WASHINGTON - The Veterans Affairs Department says more than 57,000 patients are still waiting for initial medical appointments at VA hospitals and clinics 90 days or more after requesting them. An additional 64,000 who enrolled in the VA health care system over the past 10 years have never had appointments.<br />
The department says an audit of 731 VA hospitals and large outpatient clinics found that the agency's complicated appointment process created confusion among scheduling clerks and supervisors. The audit says a 14-day goal for seeing first-time patients was unattainable given the growing demand among veterans for health care and poor planning. The VA has since abandoned that goal.<br />
The audit released Monday says 13 percent of VA schedulers reported supervisors telling them to falsify appointment dates to make waiting times appear shorter.
A blustery winter storm dumped snow and ice across the West on Wednesday, making driving treacherous in the mountains from California to the Rockies and forcing residents and party-goers in some usually sun-soaked cities to bundle up for a frosty New Year's.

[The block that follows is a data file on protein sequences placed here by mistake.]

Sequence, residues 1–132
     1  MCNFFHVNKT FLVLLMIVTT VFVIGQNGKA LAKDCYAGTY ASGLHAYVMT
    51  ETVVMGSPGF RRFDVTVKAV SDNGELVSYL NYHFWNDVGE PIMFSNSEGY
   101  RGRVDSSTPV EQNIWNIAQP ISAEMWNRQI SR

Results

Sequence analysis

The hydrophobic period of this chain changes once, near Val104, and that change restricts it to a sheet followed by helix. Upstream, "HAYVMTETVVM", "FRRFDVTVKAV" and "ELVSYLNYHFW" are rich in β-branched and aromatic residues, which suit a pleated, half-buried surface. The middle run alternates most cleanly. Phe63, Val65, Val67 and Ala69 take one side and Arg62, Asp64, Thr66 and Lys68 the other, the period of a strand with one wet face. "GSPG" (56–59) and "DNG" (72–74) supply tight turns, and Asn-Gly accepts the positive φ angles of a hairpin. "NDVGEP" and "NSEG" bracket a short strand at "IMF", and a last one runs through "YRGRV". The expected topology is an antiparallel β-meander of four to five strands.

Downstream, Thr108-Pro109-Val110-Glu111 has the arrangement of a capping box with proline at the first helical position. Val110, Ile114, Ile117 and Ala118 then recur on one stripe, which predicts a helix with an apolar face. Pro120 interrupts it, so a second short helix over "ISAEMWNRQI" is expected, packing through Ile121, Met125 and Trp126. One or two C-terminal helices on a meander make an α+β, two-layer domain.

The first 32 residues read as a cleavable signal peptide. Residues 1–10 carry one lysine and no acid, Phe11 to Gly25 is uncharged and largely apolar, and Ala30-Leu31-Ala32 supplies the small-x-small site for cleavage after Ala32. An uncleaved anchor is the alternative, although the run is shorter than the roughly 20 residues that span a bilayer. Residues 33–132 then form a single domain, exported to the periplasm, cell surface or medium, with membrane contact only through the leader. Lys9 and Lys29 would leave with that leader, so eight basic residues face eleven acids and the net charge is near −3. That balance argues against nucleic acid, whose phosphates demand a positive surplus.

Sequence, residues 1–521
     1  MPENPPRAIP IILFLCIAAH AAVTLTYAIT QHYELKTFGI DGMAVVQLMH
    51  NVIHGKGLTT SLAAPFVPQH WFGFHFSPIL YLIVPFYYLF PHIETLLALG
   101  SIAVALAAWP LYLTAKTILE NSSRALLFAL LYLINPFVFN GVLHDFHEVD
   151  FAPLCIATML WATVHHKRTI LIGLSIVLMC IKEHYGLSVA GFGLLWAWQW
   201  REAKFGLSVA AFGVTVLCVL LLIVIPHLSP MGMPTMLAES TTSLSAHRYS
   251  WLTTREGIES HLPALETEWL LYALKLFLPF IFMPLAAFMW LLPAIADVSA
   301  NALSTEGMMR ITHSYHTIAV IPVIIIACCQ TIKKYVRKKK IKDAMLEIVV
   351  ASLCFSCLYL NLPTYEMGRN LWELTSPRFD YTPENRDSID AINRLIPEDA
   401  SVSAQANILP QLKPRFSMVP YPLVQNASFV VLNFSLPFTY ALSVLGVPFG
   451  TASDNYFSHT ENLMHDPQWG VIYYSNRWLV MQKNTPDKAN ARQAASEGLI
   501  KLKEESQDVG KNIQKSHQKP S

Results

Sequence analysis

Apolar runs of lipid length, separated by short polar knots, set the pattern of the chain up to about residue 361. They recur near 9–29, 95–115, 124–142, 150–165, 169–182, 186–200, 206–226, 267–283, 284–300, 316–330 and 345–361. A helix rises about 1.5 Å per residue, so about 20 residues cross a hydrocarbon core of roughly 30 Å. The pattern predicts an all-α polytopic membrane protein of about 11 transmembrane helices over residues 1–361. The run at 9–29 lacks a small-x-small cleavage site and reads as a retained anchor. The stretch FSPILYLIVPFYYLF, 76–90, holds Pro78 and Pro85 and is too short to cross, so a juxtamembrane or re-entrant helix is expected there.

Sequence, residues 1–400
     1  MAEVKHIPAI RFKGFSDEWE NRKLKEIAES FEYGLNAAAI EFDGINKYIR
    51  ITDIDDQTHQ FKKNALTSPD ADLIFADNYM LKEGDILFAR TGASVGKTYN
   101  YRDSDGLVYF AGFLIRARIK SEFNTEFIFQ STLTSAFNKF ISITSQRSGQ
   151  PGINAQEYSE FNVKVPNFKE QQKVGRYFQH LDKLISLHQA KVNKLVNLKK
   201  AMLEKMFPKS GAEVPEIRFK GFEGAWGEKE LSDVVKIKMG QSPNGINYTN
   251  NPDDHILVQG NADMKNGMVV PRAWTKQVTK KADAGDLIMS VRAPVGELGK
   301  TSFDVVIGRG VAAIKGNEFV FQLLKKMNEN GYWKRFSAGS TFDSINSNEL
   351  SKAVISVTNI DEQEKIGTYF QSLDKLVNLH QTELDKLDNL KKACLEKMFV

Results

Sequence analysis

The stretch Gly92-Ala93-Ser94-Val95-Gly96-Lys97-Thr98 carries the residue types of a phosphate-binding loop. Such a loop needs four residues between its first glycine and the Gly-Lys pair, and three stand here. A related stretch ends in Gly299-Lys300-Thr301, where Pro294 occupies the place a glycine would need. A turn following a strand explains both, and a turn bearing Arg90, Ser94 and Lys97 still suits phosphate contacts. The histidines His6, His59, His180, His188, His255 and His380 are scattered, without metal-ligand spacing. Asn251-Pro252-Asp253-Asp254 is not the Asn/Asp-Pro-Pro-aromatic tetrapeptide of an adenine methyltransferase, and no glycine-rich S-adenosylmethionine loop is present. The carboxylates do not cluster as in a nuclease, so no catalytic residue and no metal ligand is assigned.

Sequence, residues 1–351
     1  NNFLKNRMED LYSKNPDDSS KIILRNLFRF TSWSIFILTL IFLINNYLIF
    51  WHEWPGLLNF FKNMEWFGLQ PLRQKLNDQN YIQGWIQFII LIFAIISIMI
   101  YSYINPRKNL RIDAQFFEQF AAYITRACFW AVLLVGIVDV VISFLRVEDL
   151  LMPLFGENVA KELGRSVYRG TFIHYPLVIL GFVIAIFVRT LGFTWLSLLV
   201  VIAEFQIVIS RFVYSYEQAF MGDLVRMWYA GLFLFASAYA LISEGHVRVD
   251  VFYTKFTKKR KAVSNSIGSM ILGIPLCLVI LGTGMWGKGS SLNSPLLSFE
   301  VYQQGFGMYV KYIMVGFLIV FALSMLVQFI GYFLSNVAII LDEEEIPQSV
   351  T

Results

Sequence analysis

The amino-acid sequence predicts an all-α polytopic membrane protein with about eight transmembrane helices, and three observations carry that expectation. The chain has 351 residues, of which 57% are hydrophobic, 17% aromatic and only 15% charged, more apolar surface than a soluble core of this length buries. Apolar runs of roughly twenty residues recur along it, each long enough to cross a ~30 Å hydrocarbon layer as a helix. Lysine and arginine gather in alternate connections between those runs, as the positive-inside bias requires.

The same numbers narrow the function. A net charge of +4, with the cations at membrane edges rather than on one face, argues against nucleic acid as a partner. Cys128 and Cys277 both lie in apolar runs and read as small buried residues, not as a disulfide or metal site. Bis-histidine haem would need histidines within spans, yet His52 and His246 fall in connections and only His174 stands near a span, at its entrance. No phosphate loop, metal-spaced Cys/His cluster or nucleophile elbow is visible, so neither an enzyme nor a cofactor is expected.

House Republican leaders rallied around one of their own, Whip Steve Scalise, on Tuesday after he said he regrets speaking 12 years ago to a white supremacist organization and condemns the views of such groups.
President Vladimir Putin's chief political foe was convicted along with his brother on Tuesday in a fraud case widely seen as a vendetta by the Kremlin, triggering one of Russia's boldest anti-government demonstrations in years.
COLUMBIA, S.C. (AP) — South Carolina lawmakers on Monday began debating whether to bring the Confederate flag down outside the Capitol, starting with a pair of senators whose families arrived in the s...
NEW YORK (AP) — Stocks in the U.S. slipped in midday trading Monday, while markets in Europe and Asia sank following a Greek vote that overwhelmingly rejected terms of the country's latest bailout pac...
Drone enthusiasts are calling a ban on the unmanned vehicles within five miles of Georgia's Capitol an overreach of authority by state officials, while agency officials argue the change is necessary and follows federal guidelines.